39

First, make sure you explain why the information is secret. If the community understands why certain information cannot be disclosed, they're a lot more willing to accept decisions based on that information, even if they're not allowed access to it. Second, make sure there is oversight. If one moderator's decision is questioned, bring in other moderators to ...


29

When a moderator has a personal relationship with the user, should you allow another moderator to take action? Almost always. In fact, ask another moderator to take care of it. Business + friends almost always == disaster. Some things that could go wrong: You might not give them enough punishment/be lenient on them. They could accuse you of giving them ...


21

Moderators wear many hats but their main role is to enforce community standards. That's not quite the same role as dispute mediator, because not every dispute between users is going to violate community standards. In the case that you describe, any intervention by the non-expert moderator should explicitly address the behaviors that violate community ...


20

Before there were web fora/Q&A sites/etc, there were mailing lists and Usenet newsgroups, some of which were (are) moderated. On a mailing list or newsgroup there's generally no way to automatically mark users' status; at best a moderator might identify himself in the signature block of his messages. This managed to work anyway, so it seems it could ...


17

The other 3 Founders need to speak with the problem founder. Depending on your dynamic, this can either be as a group or a simple one-on-one with a designated Founder to speak for you three. The one thing you want to avoid is having this look like a plot to band against Founder C. It makes it easier if they don't become defensive immediately. In this ...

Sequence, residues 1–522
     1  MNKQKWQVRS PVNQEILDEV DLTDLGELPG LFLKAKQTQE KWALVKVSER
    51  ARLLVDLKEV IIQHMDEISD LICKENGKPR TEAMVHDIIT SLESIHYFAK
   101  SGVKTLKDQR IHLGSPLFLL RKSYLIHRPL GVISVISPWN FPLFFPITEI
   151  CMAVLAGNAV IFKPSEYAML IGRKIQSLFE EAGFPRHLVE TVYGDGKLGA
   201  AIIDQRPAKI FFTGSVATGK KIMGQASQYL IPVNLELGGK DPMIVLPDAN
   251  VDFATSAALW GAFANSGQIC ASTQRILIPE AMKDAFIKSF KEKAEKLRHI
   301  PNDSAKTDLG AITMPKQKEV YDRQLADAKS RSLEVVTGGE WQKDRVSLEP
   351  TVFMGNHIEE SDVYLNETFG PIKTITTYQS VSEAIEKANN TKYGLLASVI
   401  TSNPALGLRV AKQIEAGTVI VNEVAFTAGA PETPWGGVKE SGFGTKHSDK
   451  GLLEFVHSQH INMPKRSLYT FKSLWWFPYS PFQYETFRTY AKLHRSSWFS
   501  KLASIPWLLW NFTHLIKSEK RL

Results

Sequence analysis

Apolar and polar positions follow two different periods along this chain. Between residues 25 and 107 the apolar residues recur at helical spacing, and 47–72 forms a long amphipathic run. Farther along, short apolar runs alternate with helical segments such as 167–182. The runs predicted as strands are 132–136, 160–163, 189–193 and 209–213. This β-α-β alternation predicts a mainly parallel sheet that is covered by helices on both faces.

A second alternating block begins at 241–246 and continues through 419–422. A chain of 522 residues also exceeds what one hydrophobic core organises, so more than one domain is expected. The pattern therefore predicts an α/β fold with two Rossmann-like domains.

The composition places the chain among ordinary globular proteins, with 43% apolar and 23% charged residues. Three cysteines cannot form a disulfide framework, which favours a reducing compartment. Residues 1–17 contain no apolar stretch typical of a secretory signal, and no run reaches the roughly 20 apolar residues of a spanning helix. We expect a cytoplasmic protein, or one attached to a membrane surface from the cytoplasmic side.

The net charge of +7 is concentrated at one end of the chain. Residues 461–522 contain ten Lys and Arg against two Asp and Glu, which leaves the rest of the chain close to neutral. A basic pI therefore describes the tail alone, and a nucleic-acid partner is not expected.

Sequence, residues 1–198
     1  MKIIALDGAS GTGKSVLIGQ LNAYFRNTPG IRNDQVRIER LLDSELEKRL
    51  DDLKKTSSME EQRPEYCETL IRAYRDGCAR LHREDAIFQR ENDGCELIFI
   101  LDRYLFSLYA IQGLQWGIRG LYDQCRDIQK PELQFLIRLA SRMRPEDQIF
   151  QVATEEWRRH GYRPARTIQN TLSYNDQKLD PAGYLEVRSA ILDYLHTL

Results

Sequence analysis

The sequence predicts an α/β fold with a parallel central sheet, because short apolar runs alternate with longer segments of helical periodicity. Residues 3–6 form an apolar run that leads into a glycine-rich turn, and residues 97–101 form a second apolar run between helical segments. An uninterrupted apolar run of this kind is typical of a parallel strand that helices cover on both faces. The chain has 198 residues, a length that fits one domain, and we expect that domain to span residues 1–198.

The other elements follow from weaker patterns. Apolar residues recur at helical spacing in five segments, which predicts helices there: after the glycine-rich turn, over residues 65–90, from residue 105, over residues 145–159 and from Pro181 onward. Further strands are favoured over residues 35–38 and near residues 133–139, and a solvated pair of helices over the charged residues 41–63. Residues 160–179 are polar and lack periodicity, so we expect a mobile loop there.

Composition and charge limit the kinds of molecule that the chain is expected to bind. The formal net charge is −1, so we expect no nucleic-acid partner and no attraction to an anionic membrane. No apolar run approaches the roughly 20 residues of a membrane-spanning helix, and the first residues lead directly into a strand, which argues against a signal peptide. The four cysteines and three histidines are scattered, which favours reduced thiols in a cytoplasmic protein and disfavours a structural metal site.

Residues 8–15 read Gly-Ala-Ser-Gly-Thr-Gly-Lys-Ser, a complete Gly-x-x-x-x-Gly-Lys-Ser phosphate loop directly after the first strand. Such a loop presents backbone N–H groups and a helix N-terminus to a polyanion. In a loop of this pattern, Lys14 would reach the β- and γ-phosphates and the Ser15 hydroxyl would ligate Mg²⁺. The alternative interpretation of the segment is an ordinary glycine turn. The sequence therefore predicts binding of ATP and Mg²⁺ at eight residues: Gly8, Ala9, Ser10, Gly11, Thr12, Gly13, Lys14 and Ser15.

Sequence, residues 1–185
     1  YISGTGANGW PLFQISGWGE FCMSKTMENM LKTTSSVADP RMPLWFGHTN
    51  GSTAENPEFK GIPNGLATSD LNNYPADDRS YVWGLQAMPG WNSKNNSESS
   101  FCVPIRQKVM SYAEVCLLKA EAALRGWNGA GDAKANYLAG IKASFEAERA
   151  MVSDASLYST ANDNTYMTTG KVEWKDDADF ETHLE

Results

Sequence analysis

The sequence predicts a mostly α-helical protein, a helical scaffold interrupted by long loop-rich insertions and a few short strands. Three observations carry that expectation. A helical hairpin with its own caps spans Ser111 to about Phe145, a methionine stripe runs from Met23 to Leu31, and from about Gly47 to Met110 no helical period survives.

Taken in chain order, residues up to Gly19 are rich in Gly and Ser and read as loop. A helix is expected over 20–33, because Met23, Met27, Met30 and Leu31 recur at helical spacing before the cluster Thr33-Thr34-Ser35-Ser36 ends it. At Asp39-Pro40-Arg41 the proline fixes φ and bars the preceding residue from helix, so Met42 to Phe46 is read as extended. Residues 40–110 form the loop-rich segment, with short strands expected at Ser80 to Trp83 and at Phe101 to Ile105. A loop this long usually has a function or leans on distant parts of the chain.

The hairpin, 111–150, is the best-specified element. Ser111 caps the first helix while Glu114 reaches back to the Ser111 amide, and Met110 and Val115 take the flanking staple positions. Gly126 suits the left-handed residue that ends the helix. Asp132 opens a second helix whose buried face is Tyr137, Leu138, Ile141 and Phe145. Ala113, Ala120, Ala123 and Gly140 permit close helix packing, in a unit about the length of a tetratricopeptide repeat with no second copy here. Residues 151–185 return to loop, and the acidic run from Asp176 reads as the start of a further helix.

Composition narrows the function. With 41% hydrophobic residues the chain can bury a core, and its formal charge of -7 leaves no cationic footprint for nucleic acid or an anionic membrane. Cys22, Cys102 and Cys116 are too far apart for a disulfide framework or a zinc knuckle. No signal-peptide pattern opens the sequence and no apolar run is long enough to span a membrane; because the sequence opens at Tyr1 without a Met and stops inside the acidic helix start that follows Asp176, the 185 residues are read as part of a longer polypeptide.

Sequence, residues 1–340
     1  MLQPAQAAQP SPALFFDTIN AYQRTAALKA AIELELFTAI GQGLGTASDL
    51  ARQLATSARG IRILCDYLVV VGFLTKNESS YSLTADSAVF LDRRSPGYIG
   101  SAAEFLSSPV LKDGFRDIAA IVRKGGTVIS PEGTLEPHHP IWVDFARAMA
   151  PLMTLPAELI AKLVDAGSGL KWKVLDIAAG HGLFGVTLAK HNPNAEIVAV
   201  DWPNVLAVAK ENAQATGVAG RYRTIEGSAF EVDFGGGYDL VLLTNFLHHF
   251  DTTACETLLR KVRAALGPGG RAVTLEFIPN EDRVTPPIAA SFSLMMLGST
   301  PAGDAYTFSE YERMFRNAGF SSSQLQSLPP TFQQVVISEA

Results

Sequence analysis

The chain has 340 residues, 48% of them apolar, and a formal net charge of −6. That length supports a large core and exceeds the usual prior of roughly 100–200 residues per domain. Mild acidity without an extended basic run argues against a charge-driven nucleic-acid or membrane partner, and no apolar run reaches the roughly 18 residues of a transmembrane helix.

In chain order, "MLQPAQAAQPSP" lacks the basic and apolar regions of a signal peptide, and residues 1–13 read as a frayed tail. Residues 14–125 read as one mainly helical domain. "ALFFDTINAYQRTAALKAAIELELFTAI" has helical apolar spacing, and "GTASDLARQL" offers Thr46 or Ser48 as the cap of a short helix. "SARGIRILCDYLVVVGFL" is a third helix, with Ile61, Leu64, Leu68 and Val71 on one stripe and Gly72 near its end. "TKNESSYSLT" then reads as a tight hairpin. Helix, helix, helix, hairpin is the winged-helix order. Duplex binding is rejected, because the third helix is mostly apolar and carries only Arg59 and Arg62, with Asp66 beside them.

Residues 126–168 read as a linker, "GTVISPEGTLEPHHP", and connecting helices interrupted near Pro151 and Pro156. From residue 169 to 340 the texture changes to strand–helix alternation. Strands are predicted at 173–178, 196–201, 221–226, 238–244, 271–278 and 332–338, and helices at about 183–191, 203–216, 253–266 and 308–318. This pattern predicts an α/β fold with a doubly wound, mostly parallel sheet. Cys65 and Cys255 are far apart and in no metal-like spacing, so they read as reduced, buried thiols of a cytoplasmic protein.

15

I think this is going to come down to recognizing a change in the user's behavior. If a user is generally chatty and is now responding with terse comments, there's a good chance they don't care any more If a user is responding just to get in the last word (eg. "Ok.", "I get it.", "Ok thanks", "Thank you.", etc), there's a good chance they don't care any ...


15

It should mostly go like this: Reverse the call Apologize to the affected parties If necessary and possible, explain the reasons for your actions Moderate the backslash itself I think point 4 is pretty important, if non-obvious; you might not want to deal with complaints about moderation with more moderations. However, if your community is about X and the ...


15

The first and most important thing is communication. For starters, things should, ideally never escalate to a moderator calling a user names. Other moderators or staff members should be there to support him, and even remove him from the argument if things get personal. Second, if the suspension was wrongly placed, it should be lifted. The moderator should ...


15

Make this a multi-step process. It sounds like they aren't doing anything egregious so the moderator powers don't need to be revoked immediately. You have time to work with this moderator to improve the situation. Additionally, you have time to work with all of your moderators to make them all better. The upshot of this is that you aren't specifically ...


14